“Thiefing Sugar: Eroticism Between Women in Caribbean Literature,” by Omise’eke Natasha Tinsley. Duke University Press, 296 pages, $23.95 paper.
Queer scholarship explores neglected but rewarding territory here, as Tinsley excavates erotic relations between women as represented in Caribbean poetry and prose. Two of the subjects are surely familiar to literate lesbian readers: essays consider Dionne Brand’s “No Language is Neutral” and Michelle Cliff’s “No Telephone to Heaven.” The real discoveries are names not known: Ida Faubert, French-educated daughter of a Haitian president, whose first poems appeared in 1912, and who after, she returned to Paris, started to write “erotic poems to women”; Mayotte Capecia (born Lucette Ceranus) from Martinique, whose 1948 novel “I Am a Martinican Woman” focuses on a washerwoman “who luxuriates in watching laundresses swim nude”; Eliot Bliss (born Eileen), a white Jamaican whose autobiographical second novel, “Luminous Isle,” is about its protagonist’s “roving desire for many women” and her recurring love for one; and, in the most fascinating chapter, the same-sex traditions of Surinamese oral poetry. Tinsley’s survey of the region’s literature is always lucid; more than a critical study, though, this work, in abundant ways, knits together a literary past and the political present with lyrical acuity.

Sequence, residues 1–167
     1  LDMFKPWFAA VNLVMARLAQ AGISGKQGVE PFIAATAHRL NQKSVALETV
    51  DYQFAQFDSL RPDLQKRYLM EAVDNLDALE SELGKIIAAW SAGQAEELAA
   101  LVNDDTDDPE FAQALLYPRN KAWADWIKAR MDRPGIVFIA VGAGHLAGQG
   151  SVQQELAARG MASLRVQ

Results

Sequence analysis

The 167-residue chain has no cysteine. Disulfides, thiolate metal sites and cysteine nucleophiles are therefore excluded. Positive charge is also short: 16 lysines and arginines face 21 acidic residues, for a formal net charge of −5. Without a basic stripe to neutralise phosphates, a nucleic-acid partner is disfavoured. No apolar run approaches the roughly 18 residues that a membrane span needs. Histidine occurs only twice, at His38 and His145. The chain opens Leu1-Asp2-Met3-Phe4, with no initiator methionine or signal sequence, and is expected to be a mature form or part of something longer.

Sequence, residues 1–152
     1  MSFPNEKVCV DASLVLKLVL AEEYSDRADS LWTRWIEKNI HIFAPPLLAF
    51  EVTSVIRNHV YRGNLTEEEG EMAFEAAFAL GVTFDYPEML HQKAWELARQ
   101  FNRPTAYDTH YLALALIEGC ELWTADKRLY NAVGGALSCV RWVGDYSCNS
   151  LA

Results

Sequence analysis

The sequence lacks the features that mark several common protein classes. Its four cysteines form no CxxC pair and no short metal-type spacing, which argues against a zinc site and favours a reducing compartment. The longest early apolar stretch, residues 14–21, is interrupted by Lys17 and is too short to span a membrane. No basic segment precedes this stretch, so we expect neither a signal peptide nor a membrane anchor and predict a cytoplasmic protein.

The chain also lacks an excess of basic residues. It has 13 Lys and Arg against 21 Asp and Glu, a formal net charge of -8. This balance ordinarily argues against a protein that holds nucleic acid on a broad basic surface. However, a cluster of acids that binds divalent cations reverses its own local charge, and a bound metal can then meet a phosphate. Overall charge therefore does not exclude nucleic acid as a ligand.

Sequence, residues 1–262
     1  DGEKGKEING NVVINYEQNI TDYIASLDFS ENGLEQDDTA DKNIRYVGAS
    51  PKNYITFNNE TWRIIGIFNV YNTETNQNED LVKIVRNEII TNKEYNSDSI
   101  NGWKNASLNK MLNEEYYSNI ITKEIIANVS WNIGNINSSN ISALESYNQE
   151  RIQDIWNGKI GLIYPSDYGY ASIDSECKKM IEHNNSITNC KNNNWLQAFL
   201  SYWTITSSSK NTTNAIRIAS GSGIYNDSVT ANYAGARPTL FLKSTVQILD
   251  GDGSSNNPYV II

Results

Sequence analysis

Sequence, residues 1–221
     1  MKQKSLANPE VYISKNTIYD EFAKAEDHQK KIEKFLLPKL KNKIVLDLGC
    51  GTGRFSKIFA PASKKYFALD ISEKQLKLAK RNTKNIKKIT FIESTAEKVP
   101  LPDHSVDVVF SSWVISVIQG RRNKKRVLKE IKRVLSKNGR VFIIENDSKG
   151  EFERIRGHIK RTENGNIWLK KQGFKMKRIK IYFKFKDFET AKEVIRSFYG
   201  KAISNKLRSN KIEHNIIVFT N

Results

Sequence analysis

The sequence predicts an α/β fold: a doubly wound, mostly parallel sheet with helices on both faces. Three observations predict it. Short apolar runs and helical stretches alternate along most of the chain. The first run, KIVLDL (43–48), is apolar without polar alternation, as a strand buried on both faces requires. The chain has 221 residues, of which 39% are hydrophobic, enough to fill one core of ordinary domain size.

If Jesus were gay,/ would you tattoo him to your body?/ hang him from your chest?/ pray to him and worship the Son of Man?/ Would you still praise him after dying for your sins?/ If it was revealed Jesus kissed another man,/ but not on the cheek,/ would you still beg him for forgiveness?/ ask him for miracles?/ hope your loved ones get to meet him in heaven?/ If Jesus were gay,/ and still loved by God and Mary/ because he was their child after all/ hailed by all angels and feared by demons,/would you still long to be healed by him?/ take him into your home and comfort him?/ heal his wounds and break bread with him?
-from “If Jesus Were Gay,” by Emanuel Xavier
REPRINTS TO WATCH OUT FOR: Forty years after he started working on it – in collaboration with British illustrator Malcolm McNeill – and more than 30 years after it was published in text form only – William Burrough’s novella “Ah Pook Is Here” will be published in its intended graphic novel form by comics publisher Fantagraphics, whose catalog ranges from R. Crumb’s early underground comix to the family-favorite strips of “Peanuts” creator Charles Schulz… “THE VILLAGERS,” A NOVEL tracking the lives (queer and otherwise) of four generations of a Greenwich Village family, is back in print from Bleecker Street Press, authorship credited to Bruce Elliott. That was the credit for the original edition, published by Avon Books as a mass-market paperback in 1982; a revised and expanded edition, credited to co-authors Edward Field and Neil Derrick, was published by Painted Leaf Press in 2000… GRAYWOLF PRESS HAS REISSUED James L. White’s 1982 collection “The Salt Ecstasies,” as part of the Graywolf Poetry Re/View Series; this edition, prefaced with a generous introduction by poet and essayist Mark Doty, includes three previously unpublished poems… “MY NAME IS RAND,” Wayne Courtois’ elegant blend of the literary and the fetishistic – in this case, tickling – is back in print from Lethe Press; the novel was originally published by Suspect Thought Press in 2004… ANOTHER SUSPECT THOUGHTS title back in print, from Arsenal Pulp Press, is S. Bear Bergman’s essay collection, “Butch is a Noun,” with a fresh afterword.